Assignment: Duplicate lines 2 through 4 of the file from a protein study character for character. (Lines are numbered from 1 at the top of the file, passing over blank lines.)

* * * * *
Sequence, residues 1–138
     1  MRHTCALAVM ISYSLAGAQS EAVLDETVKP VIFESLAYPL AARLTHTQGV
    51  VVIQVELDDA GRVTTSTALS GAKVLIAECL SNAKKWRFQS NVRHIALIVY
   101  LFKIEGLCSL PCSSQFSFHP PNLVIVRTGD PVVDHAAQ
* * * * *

     1  MRHTCALAVM ISYSLAGAQS EAVLDETVKP VIFESLAYPL AARLTHTQGV
    51  VVIQVELDDA GRVTTSTALS GAKVLIAECL SNAKKWRFQS NVRHIALIVY
   101  LFKIEGLCSL PCSSQFSFHP PNLVIVRTGD PVVDHAAQ